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How to Install a GFCI Breaker? – 7 Easy Tips Everyone Can Do

Written by Edwin Jones / Fact checked by Andrew Wright

how to install a GFCI breaker

Do you know that installing a GFCI breaker in your electrical system can prevent electric shock accidents? Do you want to learn how to install a GFCI breaker?

The ground fault circuit interrupter (GFCI) is a circuit breaker designed to safeguard your home from electrical surges. It is responsible for detecting ground faults that could lead to electric shock.

The GFCI breaker wiring is slightly different from standard circuit breakers due to the pigtail connected to both the breaker and the bus bar. Even if you’re not a professional licensed electrician, you can install a GFCI breaker in a panel by following the instructions below.


Tools You Need


Here are the tools you need to prepare to install a ground fault circuit breaker in your electrical panel.

  • Screwdriver for removing and replacing the electrical panel cover
  • Cutter or pliers for cutting the wires that lead to the breaker
  • Wire stripper for stripping the wires for connecting the circuit breaker to the ground bus bar
  • Rubber gloves for additional safety
  • Non-contact voltage tester for checking the line
  • GFCI protection device

Remember to pick a GFCI circuit breaker that can accommodate the load of your outlet. The amperage ratings of the GFCI circuit breaker depend on what you prefer for your circuit branch.

The procedures to install a double pole GFCI breaker and a single pole GFCI in the breaker box for service lines are similar. You only need to connect one hot circuit wire, one neutral circuit wire and one pigtail connection.

Step-By-Step Guide on How to Install a New GFCI Breaker


This step-by-step installation guide uses a new GFCI double pole breaker as an example. However, it also applies to single-pole breakers. Once you’ve prepared the tools you need in this installation process, here are the steps you need to do.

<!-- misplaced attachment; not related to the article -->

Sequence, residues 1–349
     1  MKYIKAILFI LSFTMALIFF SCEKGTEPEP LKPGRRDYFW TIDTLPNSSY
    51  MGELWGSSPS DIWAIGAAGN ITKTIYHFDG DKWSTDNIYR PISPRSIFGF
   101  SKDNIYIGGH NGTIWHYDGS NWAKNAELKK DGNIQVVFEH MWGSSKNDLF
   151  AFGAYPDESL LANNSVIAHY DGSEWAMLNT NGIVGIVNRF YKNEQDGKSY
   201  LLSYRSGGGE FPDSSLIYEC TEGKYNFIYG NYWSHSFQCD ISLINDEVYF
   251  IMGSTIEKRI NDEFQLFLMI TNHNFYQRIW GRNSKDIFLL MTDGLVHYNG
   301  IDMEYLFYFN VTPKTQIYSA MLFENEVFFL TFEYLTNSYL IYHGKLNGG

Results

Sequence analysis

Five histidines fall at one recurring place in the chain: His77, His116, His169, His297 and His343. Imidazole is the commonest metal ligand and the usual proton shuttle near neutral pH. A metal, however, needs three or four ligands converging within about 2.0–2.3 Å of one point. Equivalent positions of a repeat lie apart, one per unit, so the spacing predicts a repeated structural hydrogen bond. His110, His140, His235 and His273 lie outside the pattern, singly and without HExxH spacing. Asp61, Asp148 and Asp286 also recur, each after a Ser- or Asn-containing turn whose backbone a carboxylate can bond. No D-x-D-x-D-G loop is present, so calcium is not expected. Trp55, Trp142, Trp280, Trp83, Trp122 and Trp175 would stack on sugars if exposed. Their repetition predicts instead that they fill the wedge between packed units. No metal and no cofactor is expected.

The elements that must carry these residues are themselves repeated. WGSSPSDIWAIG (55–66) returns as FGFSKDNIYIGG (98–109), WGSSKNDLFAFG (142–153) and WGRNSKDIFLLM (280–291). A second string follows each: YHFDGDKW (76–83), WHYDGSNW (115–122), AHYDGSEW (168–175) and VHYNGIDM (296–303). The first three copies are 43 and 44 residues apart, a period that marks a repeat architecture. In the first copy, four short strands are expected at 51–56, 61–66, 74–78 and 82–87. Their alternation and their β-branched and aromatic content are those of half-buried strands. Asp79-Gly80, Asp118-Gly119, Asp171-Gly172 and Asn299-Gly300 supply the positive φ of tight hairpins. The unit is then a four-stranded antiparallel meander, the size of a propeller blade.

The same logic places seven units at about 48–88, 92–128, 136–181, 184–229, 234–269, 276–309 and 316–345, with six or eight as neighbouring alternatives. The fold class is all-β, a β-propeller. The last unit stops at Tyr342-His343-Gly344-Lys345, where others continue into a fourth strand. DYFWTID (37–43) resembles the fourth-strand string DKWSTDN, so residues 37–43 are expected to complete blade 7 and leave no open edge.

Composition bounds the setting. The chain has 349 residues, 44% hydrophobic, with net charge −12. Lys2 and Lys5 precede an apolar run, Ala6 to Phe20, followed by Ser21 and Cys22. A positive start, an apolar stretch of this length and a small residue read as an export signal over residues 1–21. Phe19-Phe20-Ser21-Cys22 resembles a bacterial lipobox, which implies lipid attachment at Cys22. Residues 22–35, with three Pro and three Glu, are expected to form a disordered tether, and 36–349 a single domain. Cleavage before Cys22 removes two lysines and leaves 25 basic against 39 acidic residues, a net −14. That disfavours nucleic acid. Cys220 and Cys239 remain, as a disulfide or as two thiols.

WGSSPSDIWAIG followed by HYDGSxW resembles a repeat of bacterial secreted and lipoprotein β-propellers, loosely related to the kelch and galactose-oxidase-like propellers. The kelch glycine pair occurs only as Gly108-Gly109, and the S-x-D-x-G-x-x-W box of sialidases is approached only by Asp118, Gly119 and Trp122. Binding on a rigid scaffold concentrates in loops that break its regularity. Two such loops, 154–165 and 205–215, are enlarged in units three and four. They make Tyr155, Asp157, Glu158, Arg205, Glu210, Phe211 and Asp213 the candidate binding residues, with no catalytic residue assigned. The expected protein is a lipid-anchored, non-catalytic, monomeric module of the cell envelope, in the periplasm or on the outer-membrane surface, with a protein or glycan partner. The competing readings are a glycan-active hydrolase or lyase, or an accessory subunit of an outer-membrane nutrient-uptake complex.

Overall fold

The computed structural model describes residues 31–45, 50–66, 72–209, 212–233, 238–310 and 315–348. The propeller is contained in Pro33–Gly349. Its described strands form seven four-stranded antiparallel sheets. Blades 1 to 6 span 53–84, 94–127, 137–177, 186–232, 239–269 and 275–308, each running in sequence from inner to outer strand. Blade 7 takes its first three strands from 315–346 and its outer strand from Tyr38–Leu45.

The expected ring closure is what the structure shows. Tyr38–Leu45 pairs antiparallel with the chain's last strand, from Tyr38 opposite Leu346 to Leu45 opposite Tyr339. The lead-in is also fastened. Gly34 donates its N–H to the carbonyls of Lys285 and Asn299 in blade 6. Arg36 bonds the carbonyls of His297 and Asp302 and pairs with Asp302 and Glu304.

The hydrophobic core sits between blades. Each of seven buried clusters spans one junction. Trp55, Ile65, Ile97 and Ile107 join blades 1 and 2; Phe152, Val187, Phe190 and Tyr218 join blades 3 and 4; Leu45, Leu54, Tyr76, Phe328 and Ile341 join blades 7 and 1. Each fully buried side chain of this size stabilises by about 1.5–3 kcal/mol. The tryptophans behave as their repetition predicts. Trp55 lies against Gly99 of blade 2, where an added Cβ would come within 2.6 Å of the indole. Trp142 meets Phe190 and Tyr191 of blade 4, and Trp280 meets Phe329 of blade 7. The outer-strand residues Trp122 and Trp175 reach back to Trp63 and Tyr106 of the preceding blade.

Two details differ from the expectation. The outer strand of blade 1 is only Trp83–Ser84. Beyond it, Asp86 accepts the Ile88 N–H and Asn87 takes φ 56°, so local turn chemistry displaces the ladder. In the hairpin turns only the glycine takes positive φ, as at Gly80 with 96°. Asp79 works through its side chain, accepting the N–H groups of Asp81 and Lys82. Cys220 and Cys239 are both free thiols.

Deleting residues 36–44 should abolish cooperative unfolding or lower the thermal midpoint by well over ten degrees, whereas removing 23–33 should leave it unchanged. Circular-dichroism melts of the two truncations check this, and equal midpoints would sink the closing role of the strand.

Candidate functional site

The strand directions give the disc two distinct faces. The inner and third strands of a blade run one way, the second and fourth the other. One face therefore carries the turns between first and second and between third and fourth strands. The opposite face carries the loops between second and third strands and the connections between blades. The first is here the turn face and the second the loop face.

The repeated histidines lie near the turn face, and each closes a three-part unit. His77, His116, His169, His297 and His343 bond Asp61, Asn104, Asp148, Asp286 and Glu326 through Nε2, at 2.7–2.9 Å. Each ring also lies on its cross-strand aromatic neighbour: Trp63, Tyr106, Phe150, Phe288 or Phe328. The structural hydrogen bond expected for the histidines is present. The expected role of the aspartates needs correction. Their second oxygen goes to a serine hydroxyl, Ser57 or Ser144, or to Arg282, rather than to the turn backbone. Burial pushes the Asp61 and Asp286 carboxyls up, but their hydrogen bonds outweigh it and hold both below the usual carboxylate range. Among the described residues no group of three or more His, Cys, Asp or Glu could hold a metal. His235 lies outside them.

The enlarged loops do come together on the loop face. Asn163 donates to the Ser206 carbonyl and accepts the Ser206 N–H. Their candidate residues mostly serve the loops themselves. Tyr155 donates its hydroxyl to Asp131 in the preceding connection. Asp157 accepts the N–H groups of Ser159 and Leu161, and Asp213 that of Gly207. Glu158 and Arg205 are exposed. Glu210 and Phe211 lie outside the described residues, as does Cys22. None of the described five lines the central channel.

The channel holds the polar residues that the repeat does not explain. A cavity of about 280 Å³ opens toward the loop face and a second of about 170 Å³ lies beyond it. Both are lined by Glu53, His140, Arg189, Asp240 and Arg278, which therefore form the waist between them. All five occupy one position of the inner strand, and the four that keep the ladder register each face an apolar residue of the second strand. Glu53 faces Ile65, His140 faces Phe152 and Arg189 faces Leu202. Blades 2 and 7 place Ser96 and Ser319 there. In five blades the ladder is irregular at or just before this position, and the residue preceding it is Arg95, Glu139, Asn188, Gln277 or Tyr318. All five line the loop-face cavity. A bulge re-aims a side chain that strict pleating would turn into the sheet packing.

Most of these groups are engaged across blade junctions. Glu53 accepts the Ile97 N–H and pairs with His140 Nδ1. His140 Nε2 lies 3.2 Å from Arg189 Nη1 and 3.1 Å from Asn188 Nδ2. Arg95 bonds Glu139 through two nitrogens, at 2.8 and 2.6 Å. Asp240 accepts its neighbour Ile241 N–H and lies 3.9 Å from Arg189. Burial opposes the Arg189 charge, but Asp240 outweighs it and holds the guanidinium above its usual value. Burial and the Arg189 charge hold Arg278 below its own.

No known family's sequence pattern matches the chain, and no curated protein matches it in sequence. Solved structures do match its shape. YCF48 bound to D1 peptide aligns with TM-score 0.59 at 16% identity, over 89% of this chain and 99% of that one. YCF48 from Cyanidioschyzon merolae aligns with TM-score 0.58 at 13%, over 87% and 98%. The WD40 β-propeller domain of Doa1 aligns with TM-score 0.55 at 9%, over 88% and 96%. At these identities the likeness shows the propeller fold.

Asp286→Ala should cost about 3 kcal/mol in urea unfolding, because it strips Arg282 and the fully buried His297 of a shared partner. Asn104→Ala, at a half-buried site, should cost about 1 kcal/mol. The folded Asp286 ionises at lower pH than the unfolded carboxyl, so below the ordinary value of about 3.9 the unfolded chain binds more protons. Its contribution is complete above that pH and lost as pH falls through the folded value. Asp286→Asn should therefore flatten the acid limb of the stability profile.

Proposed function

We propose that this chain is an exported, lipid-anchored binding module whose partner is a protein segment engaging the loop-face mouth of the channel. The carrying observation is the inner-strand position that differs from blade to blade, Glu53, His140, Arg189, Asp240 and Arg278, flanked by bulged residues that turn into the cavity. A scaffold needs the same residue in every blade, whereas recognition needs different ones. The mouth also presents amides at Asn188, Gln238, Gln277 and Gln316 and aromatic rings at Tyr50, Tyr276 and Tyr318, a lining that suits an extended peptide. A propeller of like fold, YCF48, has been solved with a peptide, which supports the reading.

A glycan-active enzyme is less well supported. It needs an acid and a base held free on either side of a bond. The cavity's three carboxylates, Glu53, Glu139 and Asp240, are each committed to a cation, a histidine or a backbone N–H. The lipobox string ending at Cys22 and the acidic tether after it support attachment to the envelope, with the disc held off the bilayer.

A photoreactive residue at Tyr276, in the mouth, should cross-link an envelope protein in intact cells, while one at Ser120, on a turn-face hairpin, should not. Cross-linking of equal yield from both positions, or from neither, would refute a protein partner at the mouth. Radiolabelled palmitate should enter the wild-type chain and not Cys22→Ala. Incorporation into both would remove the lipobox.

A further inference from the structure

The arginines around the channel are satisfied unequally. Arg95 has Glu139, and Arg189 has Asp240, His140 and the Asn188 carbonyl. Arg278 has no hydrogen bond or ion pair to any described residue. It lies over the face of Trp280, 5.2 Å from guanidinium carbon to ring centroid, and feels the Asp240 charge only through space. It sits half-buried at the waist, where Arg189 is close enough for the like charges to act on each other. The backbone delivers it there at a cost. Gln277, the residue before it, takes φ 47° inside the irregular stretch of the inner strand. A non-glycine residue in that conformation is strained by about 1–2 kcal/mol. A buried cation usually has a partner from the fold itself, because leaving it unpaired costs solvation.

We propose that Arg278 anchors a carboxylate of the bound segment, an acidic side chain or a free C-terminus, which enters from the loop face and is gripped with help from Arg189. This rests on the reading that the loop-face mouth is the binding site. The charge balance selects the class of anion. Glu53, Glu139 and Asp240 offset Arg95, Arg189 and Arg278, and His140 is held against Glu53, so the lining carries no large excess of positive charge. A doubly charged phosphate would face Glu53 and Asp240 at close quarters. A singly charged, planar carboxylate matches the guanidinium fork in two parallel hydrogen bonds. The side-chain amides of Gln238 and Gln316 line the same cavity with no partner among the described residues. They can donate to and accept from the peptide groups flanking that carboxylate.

Step 1. Turn Off the Main Breaker


For additional safety before you touch any open screw terminal, it is always good to shut the main breaker of your electrical panel. It prevents you from electrocuting yourself by accidentally tapping any of the circuits. Put on your gloves as well.

However, always remember that you should unplug or turn off all the appliances and devices connected to the circuits before turning off your main breaker. A sudden loss of electricity can damage the connected appliances on the circuit.

Step 2. Remove the Cover Panel


After cutting off the power source, you may now start removing the cover panel. First, loosen the screws on all four sides of the cover to do this. You can then remove the screws with your hand while holding the outer side of the cover tightly. Do this to prevent the panel cover from falling on your feet.

After removing your panel cover, set it aside and start installing the GFCI breaker. Be careful not to touch anything other than the line which needs the new breaker. Use your non-contact voltage tester to see the active lines for your safety.

Step 3. Remove the Knockout Plates in the Panel Cover


With your pliers, remove the knockout section in the panel cover before installing your GFCI breaker with your lines. Ensure that the knockout slot you remove corresponds to the location of your installed circuit.

Step 4. Start Wiring a GFCI Circuit


You need to start wiring the circuit first before snapping the new breaker in. Locate an open slot for your new breaker near your ground busbar terminals and install the wiring first. Pull out the wires for the circuit where you want to install the GFCI breaker and strip all ends with the wire stripper.

Connect the wires in your GFCI breaker terminals properly: secure the black wires to the power terminals, then connect your white neutral circuit wire to the neutral terminal. The pigtail line needs to connect to the ground bus bar terminal screw. However, if you use a single pole breaker, you only need to connect one hot wire.